- Confusion, which is caused by too much calcium in the blood
- Frequent infections, because you have too few white blood cells to fight them
Risk factors that may increase your risk of multiple myeloma include:
- Older age – most people diagnosed are in their mid-60s.
- Being male – men are more likely to develop the disease than women.
- Being of African descent – Black people are more likely to develop multiple myeloma than other racial groups.
- Family history of multiple myeloma.
- Personal history of monoclonal gammopathy of undetermined significance (MGUS).
Treatment options for multiple myeloma vary depending on the severity of the disease once it is diagnosed. Treatment options according to the Mayo Clinic include:
- Bone marrow transplant.
- Targeted therapy.
Multiple myeloma can be divided into categories that help physicians determine which treatments and approaches are best to use.
“We tend to [divide them] based on how risky the myeloma is, whereas other cancers will be staged based on how far the cancer has spread,” Dr. Shah said.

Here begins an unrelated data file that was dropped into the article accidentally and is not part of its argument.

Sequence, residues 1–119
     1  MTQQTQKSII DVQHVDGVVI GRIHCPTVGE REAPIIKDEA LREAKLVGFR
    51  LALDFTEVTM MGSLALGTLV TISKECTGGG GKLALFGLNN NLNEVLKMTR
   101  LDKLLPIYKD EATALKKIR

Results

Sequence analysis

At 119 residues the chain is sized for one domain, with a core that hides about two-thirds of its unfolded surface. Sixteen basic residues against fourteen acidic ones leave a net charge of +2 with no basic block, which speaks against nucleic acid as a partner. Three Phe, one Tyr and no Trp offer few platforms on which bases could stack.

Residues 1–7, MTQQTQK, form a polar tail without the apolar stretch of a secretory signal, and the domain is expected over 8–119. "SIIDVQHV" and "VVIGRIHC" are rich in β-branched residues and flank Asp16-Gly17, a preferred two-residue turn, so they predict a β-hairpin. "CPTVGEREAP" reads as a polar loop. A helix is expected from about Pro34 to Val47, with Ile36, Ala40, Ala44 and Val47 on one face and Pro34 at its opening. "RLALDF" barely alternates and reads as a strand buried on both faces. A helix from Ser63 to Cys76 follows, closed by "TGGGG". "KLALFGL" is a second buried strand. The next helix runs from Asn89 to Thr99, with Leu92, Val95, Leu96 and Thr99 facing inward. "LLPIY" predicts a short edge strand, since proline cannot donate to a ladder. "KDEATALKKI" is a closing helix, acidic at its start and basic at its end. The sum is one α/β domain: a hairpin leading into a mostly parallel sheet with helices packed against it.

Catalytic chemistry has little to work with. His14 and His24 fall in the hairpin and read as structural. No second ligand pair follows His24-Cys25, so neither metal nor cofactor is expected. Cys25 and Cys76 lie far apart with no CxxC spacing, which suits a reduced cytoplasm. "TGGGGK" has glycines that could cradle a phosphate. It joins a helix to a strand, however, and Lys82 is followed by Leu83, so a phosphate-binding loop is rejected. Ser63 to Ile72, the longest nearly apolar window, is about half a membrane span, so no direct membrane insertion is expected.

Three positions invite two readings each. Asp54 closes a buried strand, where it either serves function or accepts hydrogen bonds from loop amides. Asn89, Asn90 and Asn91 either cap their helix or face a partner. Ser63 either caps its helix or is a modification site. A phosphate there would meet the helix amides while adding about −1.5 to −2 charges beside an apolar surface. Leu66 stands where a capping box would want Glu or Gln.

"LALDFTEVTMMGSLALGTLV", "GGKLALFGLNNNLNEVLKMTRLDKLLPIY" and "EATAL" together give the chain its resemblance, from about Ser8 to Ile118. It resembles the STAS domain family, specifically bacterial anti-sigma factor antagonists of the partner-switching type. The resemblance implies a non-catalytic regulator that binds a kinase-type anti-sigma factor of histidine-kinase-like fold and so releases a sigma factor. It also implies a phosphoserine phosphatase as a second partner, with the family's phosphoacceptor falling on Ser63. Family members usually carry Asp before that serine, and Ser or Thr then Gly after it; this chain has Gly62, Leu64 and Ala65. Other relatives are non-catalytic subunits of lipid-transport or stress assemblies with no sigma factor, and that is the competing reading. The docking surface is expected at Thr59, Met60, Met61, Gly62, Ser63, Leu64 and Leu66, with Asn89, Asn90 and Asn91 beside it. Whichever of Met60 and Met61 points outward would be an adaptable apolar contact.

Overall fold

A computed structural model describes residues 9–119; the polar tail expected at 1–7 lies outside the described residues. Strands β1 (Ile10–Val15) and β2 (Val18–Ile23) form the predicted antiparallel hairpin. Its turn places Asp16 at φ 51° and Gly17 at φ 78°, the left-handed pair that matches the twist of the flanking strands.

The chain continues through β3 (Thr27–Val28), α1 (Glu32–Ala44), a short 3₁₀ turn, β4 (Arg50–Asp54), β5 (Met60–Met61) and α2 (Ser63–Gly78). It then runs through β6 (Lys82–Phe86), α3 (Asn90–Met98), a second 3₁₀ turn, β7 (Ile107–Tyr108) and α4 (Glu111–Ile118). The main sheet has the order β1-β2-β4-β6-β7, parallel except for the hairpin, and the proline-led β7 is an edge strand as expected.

High-risk multiple myeloma exists when a patient’s cells contain missing segments of DNA or switched segments.
Intermediate-risk multiple myeloma is when some of these DNA changes are not present but a patient has elevated levels of certain proteins in the blood.
Low-risk multiple myeloma exists when a patient has none of these changes.
A Fighter’s Spirit
Hicks overcame her initial fears of myeloma and like many of her fellow multiple myeloma warriors out there, she too tackled the disease head-on. She underwent radiotherapy to heal the fractures in her spine, followed by chemotherapy. She also received stem cell transplants in 2020 and 2021 to put the disease in remission, the Independent reported.
“The reality is that some people are lucky with myeloma and it’s very unpredictable and despite best efforts and the best mentality you have around it, it may still never be enough, but I’m still here eight years later,” the cancer warrior said.
“At the moment it’s dormant…but while it’s dormant, I’m going to get on with things and do as much as I possibly can,” Hicks bravely said.